47% of vets ‘would consider’ selling to a corporate entity
47% of respondents would consider selling their veterinary practice to a corporate entity, according to a recent survey of Irish vets in the 2018 Veterinary Practice Survey Report.
Published by accountancy and business advisory firm HLB Sheehan Quinn, the report notes that this figure is up 18% on last year.
27% of respondent vets would not consider selling, while a further 26% were undecided out of the overall sample survey population.
This trend is likely to continue as more practices seek to survive and thrive in an increasingly competitive landscape, according to the document.
“Across Ireland, the landscape in which veterinary practices operate is changing,” according to Mark Butler of HLB Sheehan Quinn.
Ownership structures, corporate transactions, staff shortages, financial management and succession planning rank high on the list of current challenges.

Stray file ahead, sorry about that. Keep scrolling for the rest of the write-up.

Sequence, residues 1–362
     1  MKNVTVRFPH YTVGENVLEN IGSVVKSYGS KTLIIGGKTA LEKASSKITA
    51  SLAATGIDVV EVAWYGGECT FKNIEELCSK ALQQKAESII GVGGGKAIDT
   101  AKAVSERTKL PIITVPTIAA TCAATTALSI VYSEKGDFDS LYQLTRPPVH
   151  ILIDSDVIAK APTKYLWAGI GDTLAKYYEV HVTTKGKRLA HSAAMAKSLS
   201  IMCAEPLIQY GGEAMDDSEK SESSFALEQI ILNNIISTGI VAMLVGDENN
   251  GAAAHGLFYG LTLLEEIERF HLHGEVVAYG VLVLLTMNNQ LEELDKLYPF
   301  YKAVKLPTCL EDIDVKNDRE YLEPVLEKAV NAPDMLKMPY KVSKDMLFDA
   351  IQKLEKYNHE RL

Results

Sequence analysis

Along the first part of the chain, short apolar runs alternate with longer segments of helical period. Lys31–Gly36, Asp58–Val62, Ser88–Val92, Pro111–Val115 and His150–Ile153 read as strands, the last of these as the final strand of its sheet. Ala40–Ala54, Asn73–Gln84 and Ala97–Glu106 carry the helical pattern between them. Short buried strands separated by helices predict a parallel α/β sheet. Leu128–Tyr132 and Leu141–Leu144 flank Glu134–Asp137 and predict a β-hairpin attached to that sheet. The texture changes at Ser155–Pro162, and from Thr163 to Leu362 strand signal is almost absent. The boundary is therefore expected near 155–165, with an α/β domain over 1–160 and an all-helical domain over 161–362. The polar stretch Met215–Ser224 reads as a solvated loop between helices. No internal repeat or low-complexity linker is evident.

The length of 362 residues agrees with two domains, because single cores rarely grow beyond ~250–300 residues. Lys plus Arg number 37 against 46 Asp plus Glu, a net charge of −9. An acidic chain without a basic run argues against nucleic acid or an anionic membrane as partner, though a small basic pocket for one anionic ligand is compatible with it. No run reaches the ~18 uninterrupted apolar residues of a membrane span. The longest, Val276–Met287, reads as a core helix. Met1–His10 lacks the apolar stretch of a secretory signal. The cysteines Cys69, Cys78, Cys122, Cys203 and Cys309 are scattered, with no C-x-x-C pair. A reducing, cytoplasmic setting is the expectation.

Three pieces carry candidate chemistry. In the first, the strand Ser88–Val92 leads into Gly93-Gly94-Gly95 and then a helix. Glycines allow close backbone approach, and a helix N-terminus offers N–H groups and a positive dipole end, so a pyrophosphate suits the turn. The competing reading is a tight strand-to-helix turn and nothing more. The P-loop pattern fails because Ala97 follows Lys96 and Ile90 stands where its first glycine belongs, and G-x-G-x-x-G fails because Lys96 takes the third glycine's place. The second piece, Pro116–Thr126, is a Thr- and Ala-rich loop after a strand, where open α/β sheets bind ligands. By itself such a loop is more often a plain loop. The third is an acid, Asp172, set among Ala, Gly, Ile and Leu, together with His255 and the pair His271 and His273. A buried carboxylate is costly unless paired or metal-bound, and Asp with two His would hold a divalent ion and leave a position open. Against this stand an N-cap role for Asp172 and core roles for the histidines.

Despite their willingness to sell, however, very few respondents know what their practice is worth, while only 12% have had their practice valued in the last two years.
Of the vets to take part in the study, 23% are already operating in an incorporated practice structure, with 56% not incorporated. The remaining 21% did not know what practice system was in place in their situations.
37% would consider incorporation – up 7% on last year.
68% of survey respondents cited a better work/life balance as their most important aspiration, with 43% of vets putting in more than 60 hours per week, according to the study.
Individual earnings vary with the top earners (26%) making over €100,000 before tax; however, almost a fifth of respondents are earning less than €40,000 which may be an indication of average salary levels for recently-qualified vets.
Less than a quarter (21%) have a succession plan in place while only slightly more (24%) have considered succession in general. 56% have not considered succession, while 20% said it is not applicable to them.
Respondents highlighted challenges recruiting vets and vet nurses with rota difficulties and poor work/life balance in particular deterring potential candidates from accepting roles – particularly in rural practices.
“The new graduates want 9-5 and weekends off or just one weekend a month on. Most rural practices can’t give that,” according to one respondent.
“Corporates coming in will make it impossible to buy practices and will affect care given. Small independents can’t compete with them,” commented one respondent.